We All Have a Story to Tell

Born in 1936 in Chester, Illinois, Larry grew up in a little town called Anna, in Southern Illinois. The second piece he shared with the life writing group at Springmoor is about an old stable that was attached to the garage of the house he lived in as a boy. He has many fond memories of playing with friends there.

Exploring his family history is meaningful for him as well. Larry’s mother was from Missouri, and his father was originally from Wisconsin. The third piece he read for the group, one called “Some Past as Prologue,” explains why his family came to live in Anna. 

The fourth piece shared with the workshop concerns the department store in Anna that his father managed. Larry worked there as a clerk while in high school. Despite being a painfully shy teen, he sometimes found it interesting, even enlightening, to interact with customers. He writes in detail about a middle-aged woman who confided she had never learned to read and then asked Larry to read aloud a letter she had received from her daughter.

Larry has also written extensively about his relationship with Carole, his wife of 61 years. The two of them met on a triple blind date in 1958 and were married 20 months later. 

At the time of their first date, Carole was a nursing student at Presbyterian St. Luke’s Hospital School of Nursing (now Rush University) in Chicago. She was in Anna for training in psychiatric nursing care. Larry was an engineering student at the University of Illinois at Urbana-Champaign but was home for a weekend. 

As he and two buddies were driving around on Saturday night, talking about going to a movie, they drove through the hospital campus where Carole was a student. Larry, on a whim, decided to stop at the student nurses’ residence hall and try to persuade three girls to go with them.

“I was uncomfortable with girls and had never had a date,” Larry says. “Yet somehow I talked my way past the house mother and managed to get three dates for the evening. This story is part of the trilogy I wrote about Carole and me: the first part is how we met; the second, our courtship; and the third piece talks about our first six years of married life.”

In the 13 months before they became engaged, Larry and Carole were only able to be together on six occasions. “The rest of the time we wrote lots and lots of letters,” says Larry, describing this as “courtship by mail.”

He continues, “I saved every letter I got from Carole and filed them in a shoebox; Carole likewise saved all my letters to her. My letters to her were instrumental in my being able to write about our courtship and engagement. Occasionally, as I wrote, Carole would remember things I didn’t and correct things I’d gotten wrong.”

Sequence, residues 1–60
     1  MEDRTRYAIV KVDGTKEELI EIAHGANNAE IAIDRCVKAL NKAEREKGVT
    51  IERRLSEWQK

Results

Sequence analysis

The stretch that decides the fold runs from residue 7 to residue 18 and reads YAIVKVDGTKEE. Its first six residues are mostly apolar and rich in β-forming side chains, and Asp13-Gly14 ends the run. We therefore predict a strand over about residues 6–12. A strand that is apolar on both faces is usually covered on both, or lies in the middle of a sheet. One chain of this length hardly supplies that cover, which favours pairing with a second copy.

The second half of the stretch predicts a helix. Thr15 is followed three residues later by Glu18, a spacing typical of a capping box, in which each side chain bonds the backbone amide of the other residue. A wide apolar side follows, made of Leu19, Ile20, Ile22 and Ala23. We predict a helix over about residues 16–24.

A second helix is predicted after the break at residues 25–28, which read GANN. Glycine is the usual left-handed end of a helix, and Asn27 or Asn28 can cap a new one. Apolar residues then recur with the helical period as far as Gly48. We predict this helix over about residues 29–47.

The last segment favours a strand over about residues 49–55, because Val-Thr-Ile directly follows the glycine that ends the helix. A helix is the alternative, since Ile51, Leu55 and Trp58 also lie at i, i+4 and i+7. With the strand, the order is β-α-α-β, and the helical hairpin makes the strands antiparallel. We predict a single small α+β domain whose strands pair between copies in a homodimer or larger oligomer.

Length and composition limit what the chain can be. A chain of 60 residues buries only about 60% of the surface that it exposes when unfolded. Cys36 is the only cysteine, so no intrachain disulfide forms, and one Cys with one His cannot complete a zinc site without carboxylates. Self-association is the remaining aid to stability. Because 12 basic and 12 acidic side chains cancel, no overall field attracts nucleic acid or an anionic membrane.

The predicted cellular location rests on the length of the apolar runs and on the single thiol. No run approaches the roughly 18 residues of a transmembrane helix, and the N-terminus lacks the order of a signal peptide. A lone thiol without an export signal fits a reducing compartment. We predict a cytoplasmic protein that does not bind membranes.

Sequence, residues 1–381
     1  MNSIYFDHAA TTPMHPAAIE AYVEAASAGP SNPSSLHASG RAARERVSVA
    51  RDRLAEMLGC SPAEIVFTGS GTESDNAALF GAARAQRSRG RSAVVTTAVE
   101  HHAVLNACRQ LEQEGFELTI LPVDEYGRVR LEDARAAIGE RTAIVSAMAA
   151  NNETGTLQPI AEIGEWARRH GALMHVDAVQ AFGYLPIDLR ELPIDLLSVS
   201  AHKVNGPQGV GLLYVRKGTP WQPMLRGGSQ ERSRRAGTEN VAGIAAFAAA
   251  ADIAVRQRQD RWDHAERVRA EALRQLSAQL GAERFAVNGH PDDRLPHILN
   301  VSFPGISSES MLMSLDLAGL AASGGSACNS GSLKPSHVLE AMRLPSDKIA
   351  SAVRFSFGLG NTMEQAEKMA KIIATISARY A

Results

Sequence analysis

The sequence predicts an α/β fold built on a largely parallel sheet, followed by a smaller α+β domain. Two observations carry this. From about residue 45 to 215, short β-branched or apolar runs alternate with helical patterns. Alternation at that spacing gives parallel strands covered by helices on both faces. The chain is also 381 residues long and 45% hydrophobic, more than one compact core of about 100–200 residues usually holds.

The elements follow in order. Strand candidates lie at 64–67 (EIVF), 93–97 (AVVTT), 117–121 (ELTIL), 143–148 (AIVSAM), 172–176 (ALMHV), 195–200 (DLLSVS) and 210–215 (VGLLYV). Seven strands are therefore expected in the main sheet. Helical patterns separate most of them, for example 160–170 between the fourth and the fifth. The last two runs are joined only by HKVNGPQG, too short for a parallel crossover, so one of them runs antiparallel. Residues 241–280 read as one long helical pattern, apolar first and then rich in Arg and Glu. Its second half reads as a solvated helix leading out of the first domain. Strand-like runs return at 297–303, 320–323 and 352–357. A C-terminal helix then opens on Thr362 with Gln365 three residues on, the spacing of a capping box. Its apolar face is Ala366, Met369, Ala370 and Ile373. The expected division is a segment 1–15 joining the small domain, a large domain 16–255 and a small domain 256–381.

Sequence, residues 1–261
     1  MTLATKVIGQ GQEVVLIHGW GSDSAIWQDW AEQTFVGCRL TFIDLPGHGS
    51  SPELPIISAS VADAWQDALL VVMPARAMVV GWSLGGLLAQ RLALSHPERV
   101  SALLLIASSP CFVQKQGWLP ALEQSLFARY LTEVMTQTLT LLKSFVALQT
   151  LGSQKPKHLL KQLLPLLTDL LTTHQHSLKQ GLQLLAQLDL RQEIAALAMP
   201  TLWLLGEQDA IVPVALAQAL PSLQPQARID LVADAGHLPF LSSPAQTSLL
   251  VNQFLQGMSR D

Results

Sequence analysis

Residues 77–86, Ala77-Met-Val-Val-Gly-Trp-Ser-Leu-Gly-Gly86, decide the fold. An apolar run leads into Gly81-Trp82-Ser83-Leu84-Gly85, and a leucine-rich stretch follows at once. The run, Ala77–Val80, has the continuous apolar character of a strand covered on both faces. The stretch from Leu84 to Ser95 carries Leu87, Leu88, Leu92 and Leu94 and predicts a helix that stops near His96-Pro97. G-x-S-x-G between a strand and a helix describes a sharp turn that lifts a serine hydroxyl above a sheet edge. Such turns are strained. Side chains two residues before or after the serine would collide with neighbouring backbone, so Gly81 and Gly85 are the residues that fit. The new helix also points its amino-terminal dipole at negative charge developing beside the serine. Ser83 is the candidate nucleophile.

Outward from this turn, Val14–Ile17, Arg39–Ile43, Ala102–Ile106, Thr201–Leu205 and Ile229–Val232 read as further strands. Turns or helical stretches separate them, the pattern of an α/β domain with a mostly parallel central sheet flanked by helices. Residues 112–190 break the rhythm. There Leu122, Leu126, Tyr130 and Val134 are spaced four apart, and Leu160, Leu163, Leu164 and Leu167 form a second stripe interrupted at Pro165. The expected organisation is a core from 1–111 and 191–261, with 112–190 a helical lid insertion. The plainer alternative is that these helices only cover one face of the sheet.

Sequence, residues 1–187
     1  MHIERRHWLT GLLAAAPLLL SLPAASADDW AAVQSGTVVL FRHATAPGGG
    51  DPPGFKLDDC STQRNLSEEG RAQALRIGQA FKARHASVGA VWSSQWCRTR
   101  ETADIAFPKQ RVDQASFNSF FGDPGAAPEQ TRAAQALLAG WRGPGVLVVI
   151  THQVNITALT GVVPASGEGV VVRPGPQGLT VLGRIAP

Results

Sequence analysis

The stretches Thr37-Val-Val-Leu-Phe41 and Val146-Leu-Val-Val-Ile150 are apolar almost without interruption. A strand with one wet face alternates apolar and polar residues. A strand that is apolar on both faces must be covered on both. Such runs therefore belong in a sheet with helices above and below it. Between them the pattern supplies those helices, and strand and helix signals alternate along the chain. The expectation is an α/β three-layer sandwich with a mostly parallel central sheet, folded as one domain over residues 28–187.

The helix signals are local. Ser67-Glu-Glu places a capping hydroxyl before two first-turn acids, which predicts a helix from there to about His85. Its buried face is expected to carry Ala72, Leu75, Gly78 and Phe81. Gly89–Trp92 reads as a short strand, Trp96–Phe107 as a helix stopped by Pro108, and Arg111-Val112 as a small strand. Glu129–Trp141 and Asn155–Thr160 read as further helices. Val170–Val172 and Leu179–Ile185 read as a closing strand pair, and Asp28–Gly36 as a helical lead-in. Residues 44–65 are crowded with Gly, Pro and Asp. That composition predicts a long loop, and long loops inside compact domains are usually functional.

After six years with IBM in upstate New York, the company moved the young family to Raleigh. Larry had a number of different roles at IBM, but when he retired he was working at defining architectures for specialized microprocessors called “signal processors.” Larry wrote extensively as an engineer with Big Blue, but it was all technical writing. “I worked at IBM for 33 years, 2 months, and 12 days,” he adds with his customary precision. 

Beginning a New Phase of Life at Springmoor

“When I first met Larry, he gave me a business card that featured an image suggestive of Frank Lloyd Wright,” says Beth Holden, Director of Sales and Marketing at Springmoor. “He and Carole have a two-bedroom deluxe floor plan, and he used his computer to figure out how their furniture would fit best.”

Beth adds, “Larry’s career at IBM and life-long interest in architecture contributed to his ability to customize his apartment. This customization seemed to facilitate their transition to retirement living at Springmoor.” 

Larry says, “I’ve always been interested in architecture, and at about the time I retired from IBM I began collecting books about Frank Lloyd Wright’s work. That’s where I learned about the art glass he designed for many of his early houses.… I decided to try designing some myself using a dogwood tree as the motif. I used the finished design in several places including as the logo for my business card. It also appears on the title page of each volume of my personal history collection.” 

Larry goes on to explain his thought process behind the logo: “It’s a stained-glass window design—a stylized representation of a dogwood tree in late summer.… The horizontal orange band at the bottom of the design is intended to depict the North Carolina red clay from which the tree grows; the central brown shaft is the tree trunk. The green triangles are the leaves, and the small red squares atop the leaves symbolize clusters of ripe dogwood berries. The blue borders and yellow corners are meant to suggest sky and sun.” 

Springmoor offers a wide range of enriching activities, and residents choose to participate in those that suit their needs and interests. Intellectual activities in addition to the life writing workshop include book clubs and discussion groups. We offer something for everyone: bridge, movies, art classes, live music, excursions, 40+ exercise land and water exercise classes, individual gardening plots, worship services, volunteer opportunities, and social gatherings of all types (usually with delicious food from our Dining Services Team!). Call 919-848-7080 today to schedule your personalized tour of our beautiful campus.